So you’ve had Fitbits, Runtastic and other fitness watches (click here for my review on the Runtastic Orbit) and are now wondering what the deal is about Apple’s Watch. I’m here to put the speculation to rest and give you the run down on what you get when you buy an Apple Watch.
Off the box
I’ll admit it. I was sold when I saw the box. It’s a beautiful, plain white oval box, minimalist in keeping with Apple’s usual design operandi. The watch sits nestled inside. With it, you get a sleek magnetic charger, a small instruction booklet and not much else.
Design and display
The Watch comes in 38 mm or 42 mm retina display with gorgeous color, contrast and dpi. You can choose the straps from the least expensive sporty versions to the most expensive limited edition gold plated ones. The watch face is completely customizable and ranges from an informative screen displaying the weather, time, date, time at another location, alarm, battery life, activity levels, etc., all at one go, to a more quirky Mickey Mouse shaking a leg while displaying other choice information.
For regular use, it lasts a little over 24 hours without a charge. This means you’re probably going to charge it daily. The up side is that an entire charge takes only under an hour. So it’s easily possible to charge it at one go everyday or at two intervals as you like. For a screen that’s constantly showing updates or giving haptic impulses, it lasts a decent amount of time.
The first thing you need to know about the Watch is that at the moment, it cannot function without an iPhone. So, if you don’t have an iPhone, don’t even bother. The watch pairs with the iPhone via Bluetooth and trusted Internet WiFi and acts a lot like a mirror device in delivering updates right to your wrist. Here are some of the key advantages that I’ve realized with the Watch –
- It gives you instant updates from all apps – you can select/deselect from which apps you need updates from on the Apple Watch app that is present by default from you iOS 8.3 update. This means you won’t be checking your phone every time it buzzes. The instant updates on the watch face are just enough to neglect picking up the phone unless important. This actually helps in reducing the screen time. So dinner or conversation, it’s easier to focus without constantly fiddling with one’s phone.
- Calls can be received (or made) from the watch. The buzz on your wrist alerts you to the call even if you don’t want to attend to it on the watch speaker. This way, you can at least locate your phone when it rings and won’t end up missing the call because you didn’t hear it.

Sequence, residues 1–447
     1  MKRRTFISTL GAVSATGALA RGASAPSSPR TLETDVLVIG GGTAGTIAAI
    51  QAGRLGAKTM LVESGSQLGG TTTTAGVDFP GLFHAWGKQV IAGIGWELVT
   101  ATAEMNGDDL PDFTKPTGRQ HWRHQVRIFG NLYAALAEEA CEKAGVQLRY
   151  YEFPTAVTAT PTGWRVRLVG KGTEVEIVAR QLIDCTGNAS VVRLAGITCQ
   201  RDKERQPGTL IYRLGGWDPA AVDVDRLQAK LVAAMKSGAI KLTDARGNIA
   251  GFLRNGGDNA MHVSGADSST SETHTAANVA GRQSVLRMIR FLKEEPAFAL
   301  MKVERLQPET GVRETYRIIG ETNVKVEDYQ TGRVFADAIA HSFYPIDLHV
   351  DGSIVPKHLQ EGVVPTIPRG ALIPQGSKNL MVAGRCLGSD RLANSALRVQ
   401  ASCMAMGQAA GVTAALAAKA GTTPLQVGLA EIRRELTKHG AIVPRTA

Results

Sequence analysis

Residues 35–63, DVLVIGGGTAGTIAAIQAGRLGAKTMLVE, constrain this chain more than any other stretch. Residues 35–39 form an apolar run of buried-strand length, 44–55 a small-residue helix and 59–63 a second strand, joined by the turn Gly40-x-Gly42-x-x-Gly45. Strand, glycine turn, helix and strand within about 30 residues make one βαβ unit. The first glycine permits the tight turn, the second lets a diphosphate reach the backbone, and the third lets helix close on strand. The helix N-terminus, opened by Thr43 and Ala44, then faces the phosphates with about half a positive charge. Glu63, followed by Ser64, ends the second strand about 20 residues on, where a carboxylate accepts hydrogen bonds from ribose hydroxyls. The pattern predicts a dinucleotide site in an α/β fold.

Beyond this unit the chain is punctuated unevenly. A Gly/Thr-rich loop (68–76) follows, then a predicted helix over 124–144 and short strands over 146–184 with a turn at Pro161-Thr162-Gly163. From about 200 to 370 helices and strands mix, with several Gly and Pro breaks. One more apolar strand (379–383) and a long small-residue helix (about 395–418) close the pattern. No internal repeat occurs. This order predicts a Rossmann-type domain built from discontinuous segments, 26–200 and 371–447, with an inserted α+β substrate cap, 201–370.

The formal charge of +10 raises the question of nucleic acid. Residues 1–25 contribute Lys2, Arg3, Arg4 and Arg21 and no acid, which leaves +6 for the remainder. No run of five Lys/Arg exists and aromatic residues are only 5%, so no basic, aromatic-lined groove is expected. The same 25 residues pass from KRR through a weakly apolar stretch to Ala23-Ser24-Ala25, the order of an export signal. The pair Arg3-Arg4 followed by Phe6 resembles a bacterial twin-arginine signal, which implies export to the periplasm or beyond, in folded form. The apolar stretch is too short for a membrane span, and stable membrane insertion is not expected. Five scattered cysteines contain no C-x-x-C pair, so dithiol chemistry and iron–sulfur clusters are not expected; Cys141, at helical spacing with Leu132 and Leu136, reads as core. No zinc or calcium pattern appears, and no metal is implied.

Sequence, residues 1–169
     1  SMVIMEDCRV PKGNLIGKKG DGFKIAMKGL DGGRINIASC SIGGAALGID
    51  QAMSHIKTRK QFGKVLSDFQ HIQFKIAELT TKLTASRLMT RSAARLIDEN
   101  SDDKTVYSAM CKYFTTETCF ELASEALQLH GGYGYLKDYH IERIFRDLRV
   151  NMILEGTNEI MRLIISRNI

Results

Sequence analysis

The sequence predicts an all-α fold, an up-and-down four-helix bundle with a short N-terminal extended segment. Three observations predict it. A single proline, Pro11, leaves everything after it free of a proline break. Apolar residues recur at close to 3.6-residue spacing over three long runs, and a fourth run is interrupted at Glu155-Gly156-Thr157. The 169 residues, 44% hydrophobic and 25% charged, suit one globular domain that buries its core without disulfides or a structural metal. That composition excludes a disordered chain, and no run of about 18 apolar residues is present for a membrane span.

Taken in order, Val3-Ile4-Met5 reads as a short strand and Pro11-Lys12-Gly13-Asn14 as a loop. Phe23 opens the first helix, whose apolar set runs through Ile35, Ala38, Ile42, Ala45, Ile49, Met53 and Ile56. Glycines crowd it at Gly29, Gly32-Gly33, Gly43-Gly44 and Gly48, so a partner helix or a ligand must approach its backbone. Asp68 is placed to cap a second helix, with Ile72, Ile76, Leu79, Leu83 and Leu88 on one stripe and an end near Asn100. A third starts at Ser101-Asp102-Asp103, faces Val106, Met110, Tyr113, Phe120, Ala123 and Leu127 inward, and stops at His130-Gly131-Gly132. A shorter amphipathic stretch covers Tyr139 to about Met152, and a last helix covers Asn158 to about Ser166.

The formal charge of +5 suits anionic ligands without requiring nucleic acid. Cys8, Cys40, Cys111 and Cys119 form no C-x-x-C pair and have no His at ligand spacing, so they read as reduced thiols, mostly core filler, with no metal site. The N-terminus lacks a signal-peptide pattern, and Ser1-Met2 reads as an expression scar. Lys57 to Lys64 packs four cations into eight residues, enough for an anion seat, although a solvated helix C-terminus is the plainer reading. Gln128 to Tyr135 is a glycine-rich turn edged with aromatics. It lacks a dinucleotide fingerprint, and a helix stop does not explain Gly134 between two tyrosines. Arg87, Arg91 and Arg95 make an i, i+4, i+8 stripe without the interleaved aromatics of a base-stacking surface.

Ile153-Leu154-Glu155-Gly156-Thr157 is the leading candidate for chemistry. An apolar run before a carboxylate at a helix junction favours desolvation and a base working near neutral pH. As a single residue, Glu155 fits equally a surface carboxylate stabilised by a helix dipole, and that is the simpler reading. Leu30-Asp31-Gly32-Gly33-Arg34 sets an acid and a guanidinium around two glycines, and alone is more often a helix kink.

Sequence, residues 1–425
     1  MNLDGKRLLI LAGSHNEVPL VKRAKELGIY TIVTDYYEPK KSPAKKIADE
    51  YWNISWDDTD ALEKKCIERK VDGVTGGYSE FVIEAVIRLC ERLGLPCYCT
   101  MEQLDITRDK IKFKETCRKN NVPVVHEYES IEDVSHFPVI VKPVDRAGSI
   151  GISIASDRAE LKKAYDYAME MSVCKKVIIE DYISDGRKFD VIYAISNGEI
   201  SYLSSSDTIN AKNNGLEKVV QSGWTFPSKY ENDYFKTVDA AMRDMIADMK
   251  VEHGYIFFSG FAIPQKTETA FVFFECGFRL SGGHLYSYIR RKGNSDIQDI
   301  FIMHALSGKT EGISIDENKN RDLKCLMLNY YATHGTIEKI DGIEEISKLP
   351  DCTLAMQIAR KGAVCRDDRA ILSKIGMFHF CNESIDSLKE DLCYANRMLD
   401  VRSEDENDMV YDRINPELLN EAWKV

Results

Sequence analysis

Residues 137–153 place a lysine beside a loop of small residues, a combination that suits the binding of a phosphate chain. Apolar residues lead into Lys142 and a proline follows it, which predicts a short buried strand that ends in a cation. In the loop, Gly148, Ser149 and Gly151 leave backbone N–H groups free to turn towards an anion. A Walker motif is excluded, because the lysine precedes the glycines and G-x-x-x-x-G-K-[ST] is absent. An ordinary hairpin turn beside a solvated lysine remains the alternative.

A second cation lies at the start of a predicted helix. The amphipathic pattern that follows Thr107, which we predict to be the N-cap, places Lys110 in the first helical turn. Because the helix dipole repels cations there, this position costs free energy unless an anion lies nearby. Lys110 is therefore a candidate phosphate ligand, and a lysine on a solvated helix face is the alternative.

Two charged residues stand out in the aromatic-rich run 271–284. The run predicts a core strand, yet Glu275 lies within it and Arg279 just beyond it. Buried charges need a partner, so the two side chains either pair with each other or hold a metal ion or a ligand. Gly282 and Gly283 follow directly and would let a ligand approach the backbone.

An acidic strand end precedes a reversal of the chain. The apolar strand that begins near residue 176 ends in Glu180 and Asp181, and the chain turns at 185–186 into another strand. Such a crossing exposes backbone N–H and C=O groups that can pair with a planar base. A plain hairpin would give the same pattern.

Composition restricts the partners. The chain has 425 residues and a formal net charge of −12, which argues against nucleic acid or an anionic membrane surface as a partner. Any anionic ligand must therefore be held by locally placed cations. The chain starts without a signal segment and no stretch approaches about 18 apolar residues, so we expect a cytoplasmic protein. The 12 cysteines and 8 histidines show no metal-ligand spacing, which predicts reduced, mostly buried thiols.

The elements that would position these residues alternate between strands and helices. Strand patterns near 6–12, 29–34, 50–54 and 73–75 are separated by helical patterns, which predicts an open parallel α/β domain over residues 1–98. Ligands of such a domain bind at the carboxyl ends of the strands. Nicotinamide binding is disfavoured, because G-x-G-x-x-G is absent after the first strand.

- Finding the iPhone. The “ping” function from the watch alerts the phone to beep and makes life simpler to hunt down the phone in a busy bag.
- Control your music. Your music is mirrored from the phone but can be played from the watch. Very handy.
- Maps on your wrist. Once again, super handy. You can glance at your wrist and follow verbal directions easier than holding up your phone. Certain apps for certain cities also allows travel routes to be pre-planned and show up on your watch face for easy travel.
- Select boarding passes, hotel keys, etc can be retrieved through the Passbook app to show on your watch and buzz you through.
- Activity app – Perhaps one of the main innovations made for wearable technology, this is where the Watch’s future probably lies – measuring health and activity. Currently the Watch is programmable for 3 goals – total active calories burned per day, total minutes of physical exercise, and standing for at least 1 minute in 1 hour for a certain number of hours in a day to embrace a more active lifestyle for better health. The haptics gives a buzz every now and then to urge you to your goal or remind you to move. It also measures heart rate periodically and gives a weekly status on your performance.
And here are some points to be improved on –
- The Watch needs a host of standalone apps made specifically for the watch to enhance its usability and need. This only means that there are things in the works, which will be of more use with future updates.
- It’s own connectivity – as a mirror device relying on the network and connectivity of your phone, the Watch is limited in it’s functionality. If the watch were to have its own connectivity, which will probably be done in the conceivable future, it makes it a better device to embrace.
The bottom line
Could you do without the Watch? Absolutely. But it’s pretty obvious that in the near future, more apps and more functionalities will be added specifically for the wearable electronics to compound its uses in a multitude of directions. It’s only a matter of time before it will inevitably become of one those indispensable devices such as our own phones. Until then, we wait.